Jennifer Brand: This information too, by the way, I have a guide on my website. I think we're going to provide the link to that for people. Yeah, it's my Guide to Probiotics for Skin Rashes, and then it has that in there.

Jen: Perfect.

Jennifer Brand: So it has that [inaudible 00:18:47] what I just said. Yeah, so people can look that up.

Jen: And do you also have suggestions in the booklet for people about… Because obviously, a baby's not swallowing a capsule. So about how to integrate it in because I'm not… Everybody, you're going to have to ask Jen, not me because I don't work with kids. I don't know why I have to keep repeating this, but I do. And I want to make sure that people are aware that it is very important whomever you work with, if you have young children and babies, you have to work with someone that works with that population. They are much different than adults.

Jennifer Brand: They are. Thank you for pointing that out, Jen. So true. But yeah. And one of the reasons why too I really like Mega Spore is it doesn't need the be refrigerated. It's just easy to have around, but the way you use it, you open the capsule and for little ones you can… The powder's flavorless, colorless. It's just a white powder. You can put it in a smoothie. You can sprinkle it on food. We don't want food that's too hot or too cold. So kind of like room temperature food. So you can sprinkle it on food. If your baby's nursing, you can add a pinch of it to breast milk or formula, and mom, if you're nursing, you can even put a pinch around your nipple so the baby can get it while nursing. So there are ways to get it into really little ones.

Jennifer Brand: And the other thing too that I really like about it, there's no… And I have clients that ask me about this. “Oh, do we throw the rest away?” No. You don't have to throw it away. Save the rest for your next dose. No wasting.

Jen: Aside from that, do you have any other specific types of probiotics that maybe might not be appropriate for every one but there is research that shows that it can be helpful in little ones who have eczema or at least around the topic of eczema?

Jennifer Brand: Yeah. So there really has. So when it comes to probiotics for skin rashes, most of the research has been done around eczema. So there are certain probiotics which are actually bacterial strains that have been studied for this. So for example, some Bifidobacterium strains, breve and longum in particular, studies have shown that giving those to mom during pregnancy and then giving them to mom and baby during the first 18 months of life may actually lower the incidence of eczema.

Jennifer Brand: And then another one is, it's a Lactobacillus strain, so a Rhamnosus. So some research has shown that if mom takes this during pregnancy, that can lower baby's chances of developing eczema for the first 11 years of life.

Jen: Wow.

Jennifer Brand: Yeah. And it also might protect children from developing other allergic conditions, like asthma, hay fever, and allergies. So those types of probiotics have been particularly studied for eczema.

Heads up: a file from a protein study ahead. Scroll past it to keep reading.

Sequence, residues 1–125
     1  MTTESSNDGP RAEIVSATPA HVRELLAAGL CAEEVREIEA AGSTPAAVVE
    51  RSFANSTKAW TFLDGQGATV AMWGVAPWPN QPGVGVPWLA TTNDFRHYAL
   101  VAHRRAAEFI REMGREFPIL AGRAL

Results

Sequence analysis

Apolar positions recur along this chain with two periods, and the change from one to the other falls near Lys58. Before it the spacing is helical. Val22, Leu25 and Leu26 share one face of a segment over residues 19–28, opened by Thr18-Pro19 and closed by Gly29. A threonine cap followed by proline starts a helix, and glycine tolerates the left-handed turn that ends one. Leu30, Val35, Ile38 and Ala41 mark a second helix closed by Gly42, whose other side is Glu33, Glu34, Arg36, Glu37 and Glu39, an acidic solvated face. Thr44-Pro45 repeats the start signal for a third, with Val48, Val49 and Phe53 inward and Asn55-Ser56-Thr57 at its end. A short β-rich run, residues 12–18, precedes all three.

Jennifer Brand: The interesting thing is though I have used those in some clients, and I just haven't seen as good results as I get with the spore-based probiotics, which I find really interesting.

Jen: Yeah. It is really interesting, and I've also seen other studies. I was at a conference, and the gentleman presenting was from a probiotic formulation company. And he does a lot of research around probiotics, and he was presenting very similar data that there… Especially for women who are thinking about getting pregnant or who are pregnant, that probiotic supplementation can be incredibly helpful. So it's important to realize that the whole preconception plan of like how you want to give your baby the best shot possible really does begin before you start trying, and it's important to think about not just nutrients but also probiotics in the microbiome. It's really, really important.

Jen: And I want to just touch on briefly before we wrap up, because we have a couple minutes left, about the benefits of prebiotics because we've talked about prebiotics for adults on the show. A couple of interesting points actually about this gentleman who I was talking about who was discussing probiotics who was saying that breast milk can actually pass. It has some prebiotic qualities to it, but prebiotics are important because they help foster growth in the gut microbiome. But what happens when mom becomes afraid, and there's times where we just go, “Well, maybe these veggies are bad or these veggies are bad.” And we start limiting prebiotics. So what are your thoughts on prebiotics?

Jennifer Brand: So prebiotics are an important component of a gut protocol. So again, it's these things individually do not a gut protocol make. So we have to make sure to take everything into account. So with prebiotics, I don't always supplement with prebiotics, and they're prebiotic food. So I'll talk about that too. So depending on what I see in the stool test, if somebody has low levels of good gut bugs, I will likely recommend a prebiotic. If I don't see any low levels of anything in there, I will not recommend a prebiotic.

Jennifer Brand: So prebiotics are different from probiotics. Probiotics are actually introducing those live organisms. Whereas prebiotics feed our good gut bugs. So they're fiber. So foods like Jerusalem artichoke, garlic, onions, chickpeas, lentils, beans, grapefruit, almonds, flaxseed. So this is one of the reasons why it's important to have a well rounded diet, as well rounded as possible, and why I start to worry about folks that aren't eating prebiotic, like fibrous foods because these feed our good gut bugs.

Jennifer Brand: So what's important to understand about why we need to feed our gut bugs is that what they do is produce anti-inflammatory short-chain fatty acids. So short-chain fatty acids butyrate is an example of one that actually communicates with the skin microbiome. So these short-chain fatty acids also help regulate what's happening with the immune system. They lower the production of toxins from gut bugs. When we have skin rashes, we have gut hyperpermeability. It's not just food particles that get out and start, which is by the way where food sensitivities come from. So it's not just food particles that end up becoming triggers, but we're also getting toxins from gut bugs that get out into the bloodstream, trigger the immune system, and the immune system starts having these inflammatory responses.